Moore thinks that skeptics need only look at the property's growing traffic to witness Slate's success. A link from the main MSN.com site last week led to a Slate feature on the perils of flying at night, written in response to the Kennedy tragedy, and garnered an impressive 200,000 visitors in a single day. "So in one day, a single piece on our site drove almost as much traffic as we got in the entire month of January," says Moore. "That kind of puts it in perspective. We're really on a roll now."
The question is whether a company that has steered away from most of its media aspirations will want to support a few scattershot content properties over the long haul.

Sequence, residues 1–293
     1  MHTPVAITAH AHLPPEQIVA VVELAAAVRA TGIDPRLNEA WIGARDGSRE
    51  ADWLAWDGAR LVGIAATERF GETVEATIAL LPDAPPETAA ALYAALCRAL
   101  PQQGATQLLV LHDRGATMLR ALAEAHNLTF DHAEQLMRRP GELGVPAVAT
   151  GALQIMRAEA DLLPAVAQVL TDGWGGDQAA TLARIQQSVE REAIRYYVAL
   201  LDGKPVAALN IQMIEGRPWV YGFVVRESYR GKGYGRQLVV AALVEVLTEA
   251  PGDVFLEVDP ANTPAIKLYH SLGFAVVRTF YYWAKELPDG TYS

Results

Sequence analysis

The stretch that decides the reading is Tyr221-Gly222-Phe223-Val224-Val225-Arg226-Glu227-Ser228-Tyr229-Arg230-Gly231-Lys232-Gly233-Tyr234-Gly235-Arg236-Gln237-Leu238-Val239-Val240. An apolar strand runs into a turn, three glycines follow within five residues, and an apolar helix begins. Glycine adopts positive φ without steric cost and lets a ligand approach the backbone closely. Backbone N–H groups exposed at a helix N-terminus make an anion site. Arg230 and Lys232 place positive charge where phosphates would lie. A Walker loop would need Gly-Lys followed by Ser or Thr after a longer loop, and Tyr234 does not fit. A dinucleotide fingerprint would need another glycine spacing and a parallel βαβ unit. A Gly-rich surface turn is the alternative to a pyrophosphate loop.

From where Moore sits, however, the future for Slate in Redmond still looks bright. When asked whether Slate had received any assurances from Microsoft or whether he needed any that it would be business as usual at Slate, he replied, "I mean, that's kind of a funny thing. It's not like we sent an e-mail around saying, 'Are we still OK?' But every indication is that we're going forward just as we've been going forward." Moore adds, "Given the successes that we've had, I have no reason to think otherwise. I think analysts are paid to give opinions and that's fine. But speculation is speculation."